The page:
Thalassemia and Pregnancy

Is there a link between thalassemia and pregnancy?

Thalassemia is a type of inherited blood disease that can cause anemia. It affects a person's ability to produce hemoglobin, which is the protein in red blood cells that carries oxygen to all parts of the body provides.
Approximately 100,000 babies worldwide are born with severe forms of thalassemia each year. 
However, the condition occurs more often in people of Italian, Greek, Middle Eastern, South Asian, and African descent.

The Gene thalassemia and pregnancy

Parents who mutated thalassemia genes can pass the gene to their children. A child who has one mutated gene site, is considered a carrier, also known as thalassemia trait. Most people who have thalassemia trait lead completely normal, healthy lives.

Thalassemia and pregnancy: What are the risks?

If two people with beta thalassemia trait (carriers), a baby can be one of three things happens:
The baby could receive two normal genes (one from each parent) and normal blood (1 in 4 chance)
The baby may have a normal gene from one parent and not a variant of the other parent, and thalassemia trait (2 4 chance)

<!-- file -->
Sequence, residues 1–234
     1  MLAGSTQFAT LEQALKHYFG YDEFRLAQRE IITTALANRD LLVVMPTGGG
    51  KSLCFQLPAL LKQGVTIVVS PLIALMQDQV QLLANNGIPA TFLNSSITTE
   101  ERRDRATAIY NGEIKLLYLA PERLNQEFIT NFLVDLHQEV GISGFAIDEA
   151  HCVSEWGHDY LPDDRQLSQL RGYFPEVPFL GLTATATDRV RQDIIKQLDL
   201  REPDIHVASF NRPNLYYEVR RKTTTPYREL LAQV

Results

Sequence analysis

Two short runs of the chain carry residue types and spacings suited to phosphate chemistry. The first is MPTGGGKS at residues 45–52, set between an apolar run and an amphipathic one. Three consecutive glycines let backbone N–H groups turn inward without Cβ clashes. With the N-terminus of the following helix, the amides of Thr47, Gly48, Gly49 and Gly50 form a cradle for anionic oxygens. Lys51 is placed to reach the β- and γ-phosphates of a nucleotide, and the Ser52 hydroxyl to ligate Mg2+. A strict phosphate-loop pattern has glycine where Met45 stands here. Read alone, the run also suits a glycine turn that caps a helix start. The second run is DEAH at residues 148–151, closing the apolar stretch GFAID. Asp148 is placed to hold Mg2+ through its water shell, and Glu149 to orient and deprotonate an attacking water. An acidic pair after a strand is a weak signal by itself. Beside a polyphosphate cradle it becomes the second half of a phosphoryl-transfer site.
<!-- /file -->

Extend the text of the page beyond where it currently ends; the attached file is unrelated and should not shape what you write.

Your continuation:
The baby could receive two thalassemia genes (one from each parent) and a moderate to severe forms of the disease (1 in 4 chance).
Thalassemia and pregnancy: Genetic testing
If a woman or her husband have a family history of thalassemia, they want to consider genetic testing before becoming pregnant. 
Blood tests and family genetic studies can show whether an individual has thalassemia or is a carrier of thalassemia trait. If both parents are carriers, they can a genetic counselor for help in deciding whether to conceive or a fetus that tested positive for thalassemia to consult.

Thalassemia and pregnancy: Prenatal testing

Prenatal testing for thalassemia can be done when a woman is 11 weeks pregnent by chorionic villi sampling (CVS). CVS involves removing a small piece of the placenta, which will then be tested. Prenatal testing can also be an amniocentesis done when a woman is 16 weeks pregnant. In this procedure, a needle used to take an example of the fluid around the baby, who will then be tested.

Thalassemia and pregnancy, assisted reproductive therapy

Assisted reproductive therapy is an option for those carriers who do not want to risk giving birth to a child with thalassemia.
A new technique, pre-implantation genetic diagnosis (PGD), used in conjunction with in vitro fertilization, parents who have thalassemia trait or the bear to give birth to healthy babies. 
Embryos created in vitro for thalassemia not tested before being implanted in the mother, who only healthy embryos are selected.